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Free Content Potential Impact of a Seasonal Migratory Jumbo Squid (Dosidicus Gigas) Stock on a Gulf of California Sardine (Sardinops Sagax Caerulea) Population

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The jumbo squid inhabits the central eastern Pacific. Annually, the species migrates with different intensities in and out of the Gulf of California. In 1980 an unusually large squid stock was observed in the Gulf. Extensive research on that migratory stock resulted in new insights about the biology and population dynamics of the jumbo squid. Further analyses are presented in this paper which indicate that sardines were a significant component in the jumbo squid diet. A quantitative assessment of the potential sardine biomass consumption by jumbo squid was carried out by integrating biological components. The results indicate that up to 60,000 metric tons (mt) of sardines may have been consumed by jumbo squids during their 9-month residence in the Gulf of California. Drop in total sardine landings during the 1981 fishing season may be attributed at least in part to an unusually high sardine mortality which may have been induced by squid predation.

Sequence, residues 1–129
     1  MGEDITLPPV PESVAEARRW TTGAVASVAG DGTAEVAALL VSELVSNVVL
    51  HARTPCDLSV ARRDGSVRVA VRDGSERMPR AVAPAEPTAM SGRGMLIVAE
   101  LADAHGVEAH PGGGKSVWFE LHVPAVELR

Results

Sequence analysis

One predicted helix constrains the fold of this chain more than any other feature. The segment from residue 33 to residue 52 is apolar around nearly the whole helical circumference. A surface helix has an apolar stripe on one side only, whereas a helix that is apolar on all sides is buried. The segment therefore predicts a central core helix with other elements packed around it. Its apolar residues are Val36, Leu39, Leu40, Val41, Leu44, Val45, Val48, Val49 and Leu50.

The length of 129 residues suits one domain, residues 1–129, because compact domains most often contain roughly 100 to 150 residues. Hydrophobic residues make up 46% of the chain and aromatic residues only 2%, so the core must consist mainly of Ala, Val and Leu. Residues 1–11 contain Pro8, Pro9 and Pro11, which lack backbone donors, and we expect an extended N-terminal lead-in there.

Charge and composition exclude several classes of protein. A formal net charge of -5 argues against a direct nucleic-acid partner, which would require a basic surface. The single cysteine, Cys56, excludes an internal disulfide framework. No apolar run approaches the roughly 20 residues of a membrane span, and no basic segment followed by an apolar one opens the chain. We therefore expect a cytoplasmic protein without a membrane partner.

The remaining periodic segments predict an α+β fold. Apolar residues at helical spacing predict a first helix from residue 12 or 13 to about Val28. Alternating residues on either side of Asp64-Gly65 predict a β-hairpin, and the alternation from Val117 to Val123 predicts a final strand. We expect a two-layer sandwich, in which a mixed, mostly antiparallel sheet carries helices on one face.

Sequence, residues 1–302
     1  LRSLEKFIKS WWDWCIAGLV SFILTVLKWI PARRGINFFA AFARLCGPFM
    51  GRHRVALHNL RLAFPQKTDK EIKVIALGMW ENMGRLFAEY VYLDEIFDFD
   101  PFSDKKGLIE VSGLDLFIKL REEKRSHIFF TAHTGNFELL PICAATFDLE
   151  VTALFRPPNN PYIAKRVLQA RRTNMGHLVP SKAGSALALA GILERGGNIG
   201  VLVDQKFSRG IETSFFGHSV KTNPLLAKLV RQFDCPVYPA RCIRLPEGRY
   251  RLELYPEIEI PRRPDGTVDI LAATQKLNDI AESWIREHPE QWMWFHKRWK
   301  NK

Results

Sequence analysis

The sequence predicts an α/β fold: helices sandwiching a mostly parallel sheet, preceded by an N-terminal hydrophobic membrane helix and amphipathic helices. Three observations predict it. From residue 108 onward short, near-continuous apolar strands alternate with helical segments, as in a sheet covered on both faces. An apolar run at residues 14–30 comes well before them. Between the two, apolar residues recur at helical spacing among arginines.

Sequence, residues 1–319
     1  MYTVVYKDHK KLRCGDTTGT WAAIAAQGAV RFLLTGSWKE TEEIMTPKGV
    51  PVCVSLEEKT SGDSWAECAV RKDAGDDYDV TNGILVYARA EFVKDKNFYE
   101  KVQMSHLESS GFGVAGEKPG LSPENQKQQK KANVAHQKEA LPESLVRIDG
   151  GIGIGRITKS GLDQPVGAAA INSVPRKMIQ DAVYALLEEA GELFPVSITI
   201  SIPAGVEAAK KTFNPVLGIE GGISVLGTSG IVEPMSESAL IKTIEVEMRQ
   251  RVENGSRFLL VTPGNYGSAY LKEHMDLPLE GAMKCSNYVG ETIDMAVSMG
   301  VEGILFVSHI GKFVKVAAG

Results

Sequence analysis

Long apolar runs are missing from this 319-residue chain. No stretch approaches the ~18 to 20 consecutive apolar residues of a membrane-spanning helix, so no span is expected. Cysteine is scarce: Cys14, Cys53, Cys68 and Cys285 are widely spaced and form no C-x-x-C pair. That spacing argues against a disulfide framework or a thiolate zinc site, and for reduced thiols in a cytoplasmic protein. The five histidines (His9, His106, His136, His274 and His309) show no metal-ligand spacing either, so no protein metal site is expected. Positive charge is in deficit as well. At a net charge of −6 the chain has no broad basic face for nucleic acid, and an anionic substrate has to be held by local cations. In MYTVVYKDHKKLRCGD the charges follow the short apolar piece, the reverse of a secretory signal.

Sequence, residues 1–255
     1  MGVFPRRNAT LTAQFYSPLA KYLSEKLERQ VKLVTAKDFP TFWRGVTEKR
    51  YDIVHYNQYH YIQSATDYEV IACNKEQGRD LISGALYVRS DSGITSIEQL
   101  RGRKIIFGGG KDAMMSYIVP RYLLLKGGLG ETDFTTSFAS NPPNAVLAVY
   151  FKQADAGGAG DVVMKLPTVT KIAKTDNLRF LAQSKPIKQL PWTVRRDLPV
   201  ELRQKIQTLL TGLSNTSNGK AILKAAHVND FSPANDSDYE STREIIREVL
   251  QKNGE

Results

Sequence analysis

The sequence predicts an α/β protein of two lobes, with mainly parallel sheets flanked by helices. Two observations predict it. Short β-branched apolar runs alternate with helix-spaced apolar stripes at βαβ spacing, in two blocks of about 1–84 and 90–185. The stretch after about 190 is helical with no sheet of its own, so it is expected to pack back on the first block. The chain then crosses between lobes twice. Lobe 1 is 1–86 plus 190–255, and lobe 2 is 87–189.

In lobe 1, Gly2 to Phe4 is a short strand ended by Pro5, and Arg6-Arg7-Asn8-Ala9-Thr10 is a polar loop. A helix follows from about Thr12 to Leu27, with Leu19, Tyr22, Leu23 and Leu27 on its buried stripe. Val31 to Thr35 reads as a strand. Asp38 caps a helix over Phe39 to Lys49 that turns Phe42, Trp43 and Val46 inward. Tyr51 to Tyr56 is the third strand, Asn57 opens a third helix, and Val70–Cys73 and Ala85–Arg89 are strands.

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Document Type: Research Article

Publication date: 1991-09-01

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  • The Bulletin of Marine Science is dedicated to the dissemination of high quality research from the world's oceans. All aspects of marine science are treated by the Bulletin of Marine Science, including papers in marine biology, biological oceanography, fisheries, marine affairs, applied marine physics, marine geology and geophysics, marine and atmospheric chemistry, and meteorology and physical oceanography.
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